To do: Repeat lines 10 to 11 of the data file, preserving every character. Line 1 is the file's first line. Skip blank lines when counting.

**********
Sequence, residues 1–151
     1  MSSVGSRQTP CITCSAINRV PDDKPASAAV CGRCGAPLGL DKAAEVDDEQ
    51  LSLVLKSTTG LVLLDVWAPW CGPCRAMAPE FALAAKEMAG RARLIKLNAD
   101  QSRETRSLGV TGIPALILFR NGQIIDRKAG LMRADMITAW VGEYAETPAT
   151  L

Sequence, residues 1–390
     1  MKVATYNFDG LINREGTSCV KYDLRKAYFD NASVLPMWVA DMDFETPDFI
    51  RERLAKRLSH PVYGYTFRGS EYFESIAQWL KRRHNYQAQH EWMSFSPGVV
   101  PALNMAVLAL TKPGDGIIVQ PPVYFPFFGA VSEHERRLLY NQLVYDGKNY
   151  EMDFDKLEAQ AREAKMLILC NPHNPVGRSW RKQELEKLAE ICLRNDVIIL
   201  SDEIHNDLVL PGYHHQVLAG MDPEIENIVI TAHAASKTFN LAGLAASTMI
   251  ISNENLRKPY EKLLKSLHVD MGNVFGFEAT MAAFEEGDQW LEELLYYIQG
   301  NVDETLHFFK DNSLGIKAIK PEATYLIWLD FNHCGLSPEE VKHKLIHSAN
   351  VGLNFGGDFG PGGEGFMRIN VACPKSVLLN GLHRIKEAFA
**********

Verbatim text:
   151  EMDFDKLEAQ AREAKMLILC NPHNPVGRSW RKQELEKLAE ICLRNDVIIL
   201  SDEIHNDLVL PGYHHQVLAG MDPEIENIVI TAHAASKTFN LAGLAASTMI